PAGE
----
Candidiasis - oral

Alternative names
Oral thrush; Moniliasis - oral

Definition
Oral thrush is a disorder caused by infection of the mouth with the fungus (yeast) Candida albicans.

Causes, incidence, and risk factors

The mouth normally contains many microorganisms. One of these normal microorganisms is the fungus Candida albicans, which is the same fungus associated with vaginal yeast infections or other Candida infections. The growth of Candida is normally kept under control by the presence of normal bacteria.

Uncontrolled overgrowth of Candida in the mouth may be caused by factors that reduce the natural resistance, such as illness, stress, long-term use of corticosteroids or medications that suppress the immune system, and immune disorders such as (AIDS).

It may also be caused by conditions that upset the balance of normal microorganisms in the mouth. This is most commonly associated with use of antibiotics, but it may also occur with uncontrolled diabetes mellitus and with the hormonal changes associated with pregnancy or the use of birth control pills.

Oral thrush is most common in infants and toddlers, in the elderly, and in people who are debilitated or whose immune system has been suppressed by disease or medical treatments.

Thrush in infants is common and is usually not associated with other diseases. Infant thrush that resists treatment or recurs frequently should raise suspicions for an underlying disorder.

In adolescents, young adults, and middle age adults, an oral Candida infection should always be viewed as a possible symptom of an underlying medical problem, such as diabetes or HIV infection, and should be evaluated.

Symptoms

     
  • Ulcer/skin lesion in the mouth (usually on the tongue or inner cheeks)       o Painful       o Slightly raised area       o Creamy white appearance       o May appear curd-like (“cottage cheese” appearance)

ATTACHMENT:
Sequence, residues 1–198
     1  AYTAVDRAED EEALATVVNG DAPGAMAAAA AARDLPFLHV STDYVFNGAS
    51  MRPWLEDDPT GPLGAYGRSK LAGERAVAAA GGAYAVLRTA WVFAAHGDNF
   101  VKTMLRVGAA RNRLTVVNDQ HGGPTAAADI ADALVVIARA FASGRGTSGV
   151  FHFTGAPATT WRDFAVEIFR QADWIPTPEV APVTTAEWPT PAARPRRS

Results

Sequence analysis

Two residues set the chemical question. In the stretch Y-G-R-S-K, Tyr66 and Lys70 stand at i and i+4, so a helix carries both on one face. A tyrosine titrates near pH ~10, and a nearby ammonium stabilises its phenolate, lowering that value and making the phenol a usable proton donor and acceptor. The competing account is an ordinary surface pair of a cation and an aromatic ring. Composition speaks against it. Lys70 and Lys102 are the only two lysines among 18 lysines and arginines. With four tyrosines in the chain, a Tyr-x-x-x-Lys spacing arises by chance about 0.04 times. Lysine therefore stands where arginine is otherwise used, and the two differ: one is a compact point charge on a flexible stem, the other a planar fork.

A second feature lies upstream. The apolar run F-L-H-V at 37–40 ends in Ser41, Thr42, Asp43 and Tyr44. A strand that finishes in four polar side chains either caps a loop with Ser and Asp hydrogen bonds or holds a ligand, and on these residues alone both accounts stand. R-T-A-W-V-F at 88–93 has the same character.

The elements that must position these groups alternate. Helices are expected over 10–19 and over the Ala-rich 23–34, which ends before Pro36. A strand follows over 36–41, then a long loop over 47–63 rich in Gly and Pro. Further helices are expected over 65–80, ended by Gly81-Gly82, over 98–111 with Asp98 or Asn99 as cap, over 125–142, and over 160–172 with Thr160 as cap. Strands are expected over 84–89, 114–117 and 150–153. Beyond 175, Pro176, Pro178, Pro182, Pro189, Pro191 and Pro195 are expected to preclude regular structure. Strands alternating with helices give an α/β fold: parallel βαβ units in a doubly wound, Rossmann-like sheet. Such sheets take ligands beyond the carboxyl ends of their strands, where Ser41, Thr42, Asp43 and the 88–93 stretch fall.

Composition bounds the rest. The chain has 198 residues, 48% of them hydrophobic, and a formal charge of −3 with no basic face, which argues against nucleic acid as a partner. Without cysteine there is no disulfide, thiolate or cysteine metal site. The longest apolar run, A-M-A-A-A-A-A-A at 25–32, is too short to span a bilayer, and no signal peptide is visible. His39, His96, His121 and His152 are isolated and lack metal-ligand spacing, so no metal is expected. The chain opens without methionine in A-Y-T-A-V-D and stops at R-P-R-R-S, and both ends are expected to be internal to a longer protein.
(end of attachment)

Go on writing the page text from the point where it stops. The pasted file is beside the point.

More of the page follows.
• Dry mouth

Signs and tests

An examination of the mouth by the health care provider or dentist shows distinctive lesions of the mouth, tongue, or cheeks. Lesions are easily brushed away revealing a reddened, tender area that may bleed slightly.

A microscopic examination of tissue from a lesion can confirm Candida infection, but usually the diagnosis is made by simple physical examination.

Treatment

The goal of treatment is to control the growth of Candida. Antifungal medications (such as nystatin, clotrimazole, and miconazole) are given for 5 to 10 days. They are administered in the mouth (swallowing the medicine after “swishing” it around).

A single-dose oral medicine called Diflucan is available if these treatments do not work. Underlying conditions/disorders should be identified and treated.

Expectations (prognosis)

For infants, oral thrush may be painful, but is rarely serious. It can interfere with eating because of the discomfort. The infection is usually controlled with treatment, but it may recur. Thrush may spread to the palate, tongue, cheeks, or throat. Other spread of the infection is uncommon, but it may occur.

For adolescents and adults, the significance of thrush is dependent on the underlying disorder.

Complications

     
  • Insufficient nutrition  
  • Esophagitis Candida  
  • Spread of Candida to the gastrointestinal tract, lungs, skin, or other area

Calling your health care provider

Infants: If your infant has thrush, a period of watchful waiting may be appropriate, since uncomplicated thrush is frequently self-limiting. If the condition does not resolve in 2 weeks, call for an appointment with your health care provider.

Adolescents and adults: If you think you have oral thrush, call for an appointment with your health care provider. If you are being treated for thrush and symptoms worsen or persist despite treatment, symptoms recur, or new symptoms develop, call your physician.

Prevention

People with recurrent outbreaks of oral thrush, or those who are at very high risk for development of the disorder, may be given prophylactic (preventive) antifungal medications. If an infant who is breast feeding has oral thrush, the mother also should use a topical antifungal medication on her nipples to prevent continuous spread to the infant.

In bottle-fed babies, discard the nipples and buy new ones as the babies mouth begins to clear because the fungus may get into the nipples and can not be easily eradicated.

Johns Hopkins patient information

Last revised: December 3, 2012
by Martin A. Harms, M.D.

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